Guangzhou Evergrande, Urawa Reds, Ulsan Horang-i , Al Ain and Al Ittihad have all won the Asian Champions League. All but one of them have also been beaten at home by Jeonbuk Motors. Al Ain have not, yet, but then the Koreans have never made it to the this corner of the United Arab Emirates. That changes this Saturday.
While Jeonbuk Motors may have a 2-1 lead from the first leg of the Asian Champions League final from last weekend, Al Ain fans should expect a big South Korean bus to be parked for the return match on Saturday. But the visitors are looking to score.
No team has played as many games in the tournament as the team from Jeonju and no team has played as many games in the knockout stage. The same goes for the club coach Choi Kang-hee who was in charge when the Motors won the 2006 title and were defeated on penalties in the 2011 final.
Jeonbuk, like their opponents, are better going forward than defending and have plenty of firepower in their ranks. There is some frustration that they have only a one goal advantage and that the Koreans should have added to their tally (not just because the referee didn’t give what looked to be a fairly clear penalty in the first half).
There is a lot of talk in Korea about the victory ten years ago and a slogan of ‘Again 2006’ . Back then, the team was very different. It was a mid-size club that had never won the league. Now it has four domestic titles with facilities and infrastructure that would rank alongside any in Asia.
In that final, Jeonbuk where also at home in the first leg and defeated Al Karamah of Syria 2-0 at home. There was plenty of confidence in the camp heading out to Homs. Jeonbuk played it a little safe and tried to protect what they had. It was a mistake as the hosts were winning 2-0 on the hour. It was almost all over but a late strike from the mercurial Brazilian striker Ze Carlos.
Coach Choi Kang-hee has since said that he learned from that game. That it is better to be in control in Asia and always look to score and this was in a tie that was 2-0 from the first leg, not the much different 2-1 than Al Ain managed.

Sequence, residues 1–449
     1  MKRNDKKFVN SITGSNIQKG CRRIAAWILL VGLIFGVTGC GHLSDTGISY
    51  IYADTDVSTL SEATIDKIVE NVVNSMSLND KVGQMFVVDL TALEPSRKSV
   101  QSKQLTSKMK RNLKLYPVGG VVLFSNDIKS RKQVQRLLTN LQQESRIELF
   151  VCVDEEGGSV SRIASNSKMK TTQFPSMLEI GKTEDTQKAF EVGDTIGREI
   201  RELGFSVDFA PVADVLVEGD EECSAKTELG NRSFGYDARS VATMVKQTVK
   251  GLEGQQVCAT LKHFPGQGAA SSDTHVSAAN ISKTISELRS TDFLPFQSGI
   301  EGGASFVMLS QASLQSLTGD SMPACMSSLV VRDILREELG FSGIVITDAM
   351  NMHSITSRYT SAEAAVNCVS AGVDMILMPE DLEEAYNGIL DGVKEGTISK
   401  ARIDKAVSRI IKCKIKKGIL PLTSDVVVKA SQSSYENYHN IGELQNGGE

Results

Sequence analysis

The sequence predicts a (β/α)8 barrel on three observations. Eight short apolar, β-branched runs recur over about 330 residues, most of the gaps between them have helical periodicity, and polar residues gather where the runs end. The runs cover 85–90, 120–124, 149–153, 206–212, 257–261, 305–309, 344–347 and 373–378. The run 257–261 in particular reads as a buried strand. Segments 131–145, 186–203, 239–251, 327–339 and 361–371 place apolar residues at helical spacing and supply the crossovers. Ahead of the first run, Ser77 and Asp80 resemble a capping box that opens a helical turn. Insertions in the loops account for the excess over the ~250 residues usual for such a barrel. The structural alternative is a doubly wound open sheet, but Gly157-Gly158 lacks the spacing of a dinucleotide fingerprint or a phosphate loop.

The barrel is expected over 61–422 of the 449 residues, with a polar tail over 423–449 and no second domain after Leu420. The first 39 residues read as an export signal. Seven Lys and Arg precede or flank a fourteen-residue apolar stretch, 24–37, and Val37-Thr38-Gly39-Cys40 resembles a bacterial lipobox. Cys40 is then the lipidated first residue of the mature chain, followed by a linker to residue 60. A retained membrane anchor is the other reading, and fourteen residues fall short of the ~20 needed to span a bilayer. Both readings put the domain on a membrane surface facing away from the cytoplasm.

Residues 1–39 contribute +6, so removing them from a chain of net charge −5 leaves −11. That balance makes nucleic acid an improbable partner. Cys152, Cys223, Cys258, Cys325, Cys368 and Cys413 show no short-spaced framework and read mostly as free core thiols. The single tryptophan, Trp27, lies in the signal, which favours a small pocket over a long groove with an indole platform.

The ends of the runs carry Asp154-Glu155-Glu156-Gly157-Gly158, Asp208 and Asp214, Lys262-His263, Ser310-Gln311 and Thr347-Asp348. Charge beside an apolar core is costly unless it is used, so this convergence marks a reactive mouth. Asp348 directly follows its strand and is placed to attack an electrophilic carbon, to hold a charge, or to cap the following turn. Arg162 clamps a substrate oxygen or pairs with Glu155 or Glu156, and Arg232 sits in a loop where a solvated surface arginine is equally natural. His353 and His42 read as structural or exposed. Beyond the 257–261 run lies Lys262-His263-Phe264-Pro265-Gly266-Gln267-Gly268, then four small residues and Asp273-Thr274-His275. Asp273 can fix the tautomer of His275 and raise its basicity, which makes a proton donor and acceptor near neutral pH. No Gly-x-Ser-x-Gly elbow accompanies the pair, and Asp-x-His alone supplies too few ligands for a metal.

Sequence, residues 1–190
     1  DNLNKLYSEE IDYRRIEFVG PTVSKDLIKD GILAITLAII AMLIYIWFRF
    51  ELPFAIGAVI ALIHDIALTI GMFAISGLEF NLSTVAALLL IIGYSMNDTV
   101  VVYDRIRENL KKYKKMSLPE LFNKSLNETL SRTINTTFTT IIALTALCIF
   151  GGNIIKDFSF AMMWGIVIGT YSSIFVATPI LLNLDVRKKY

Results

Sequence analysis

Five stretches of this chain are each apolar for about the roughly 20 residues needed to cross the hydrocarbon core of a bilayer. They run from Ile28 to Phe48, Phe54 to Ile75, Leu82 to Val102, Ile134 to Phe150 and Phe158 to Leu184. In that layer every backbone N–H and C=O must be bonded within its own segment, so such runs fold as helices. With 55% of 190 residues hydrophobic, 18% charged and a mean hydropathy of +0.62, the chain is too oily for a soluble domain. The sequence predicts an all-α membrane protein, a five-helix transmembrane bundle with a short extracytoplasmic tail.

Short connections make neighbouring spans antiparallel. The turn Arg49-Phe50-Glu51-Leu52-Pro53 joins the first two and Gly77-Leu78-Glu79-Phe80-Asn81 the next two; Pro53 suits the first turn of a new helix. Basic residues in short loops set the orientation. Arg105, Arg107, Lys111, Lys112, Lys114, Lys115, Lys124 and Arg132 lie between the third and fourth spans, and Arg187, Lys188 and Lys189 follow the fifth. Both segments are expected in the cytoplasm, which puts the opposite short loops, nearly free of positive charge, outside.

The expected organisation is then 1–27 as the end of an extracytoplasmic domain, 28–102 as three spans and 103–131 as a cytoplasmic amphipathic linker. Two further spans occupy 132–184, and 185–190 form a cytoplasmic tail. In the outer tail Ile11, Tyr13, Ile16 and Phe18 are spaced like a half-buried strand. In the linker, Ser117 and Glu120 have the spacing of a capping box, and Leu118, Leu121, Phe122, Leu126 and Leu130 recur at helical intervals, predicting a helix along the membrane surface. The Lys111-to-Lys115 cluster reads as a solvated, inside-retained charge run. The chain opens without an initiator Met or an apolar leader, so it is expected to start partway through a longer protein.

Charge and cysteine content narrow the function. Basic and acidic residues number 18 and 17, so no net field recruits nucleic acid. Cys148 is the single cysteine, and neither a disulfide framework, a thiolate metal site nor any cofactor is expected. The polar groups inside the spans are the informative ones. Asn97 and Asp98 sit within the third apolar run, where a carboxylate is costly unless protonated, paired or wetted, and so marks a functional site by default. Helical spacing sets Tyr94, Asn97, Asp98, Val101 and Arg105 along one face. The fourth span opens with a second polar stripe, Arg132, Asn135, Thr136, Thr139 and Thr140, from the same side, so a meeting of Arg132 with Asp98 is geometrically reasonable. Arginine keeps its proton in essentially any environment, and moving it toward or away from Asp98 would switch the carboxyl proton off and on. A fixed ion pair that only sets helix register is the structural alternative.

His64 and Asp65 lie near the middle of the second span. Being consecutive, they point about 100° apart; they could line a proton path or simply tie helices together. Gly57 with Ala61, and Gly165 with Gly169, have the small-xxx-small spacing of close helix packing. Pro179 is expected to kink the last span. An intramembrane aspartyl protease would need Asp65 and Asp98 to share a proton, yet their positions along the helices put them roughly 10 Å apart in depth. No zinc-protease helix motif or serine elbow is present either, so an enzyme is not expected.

That message has been reinforced this week. The message coming out of the club is that Jeonbuk will do all they can to score. Basically, there is more confidence that they can score more than one goal in Al Ain than there is that they can keep the Emiratis out for the full 90 minutes.
“We are not going to sit back,” a Jeonbuk official told Sport360. “We know we can score against Al Ain and that is what we plan to do. They scored an away goal so defending for 90 minutes is too risky. It is not our game anyway.”
That does not mean that Jeonbuk are going gung-ho but there is never the intention to sit back and focus on defence. The team has had some excellent results away from home over the years and has often come up with the goods in the toughest of venues.
The worry with Jeonbuk is how to line up. Coach Choi felt that for periods of the first leg, tall striker Kim Shin-wook was too isolated in attack. Yet the target man holds the ball up well and can be a useful outlet out of defence if Jeonbuk are under pressure.
Lee Jong-ho is a possibility to start. A pacy striker who likes to run at defenders, he is a very different option to Kim. Lee, once nicknamed ‘The Gwangyang Rooney’, offers a different option especially off the bench.
But there won’t be many changes. The big question is whether Choi Chul-soon, usually a right-back, plays as a holding midfield with special license to stop Omar Abdulrahman thrilling the home fans.
The physical approach of Jeonbuk’s play seemed to upset the rhythm of Omar and Al Ain. “The intensity of our approach seemed to work in the first leg,” said the official.
“We need to keep the same approach away. We know that they will attack us from the beginning but we can do the same. If we can get an early goal then it really will change everything.”
Al Ain can’t afford for that to happen or they are likely to join the group of former Asian champions to lose to Jeonbuk Motors at home. They can’t afford to become a member of that club, much better to be a part of one that is reserved for double Asian Champions League winners.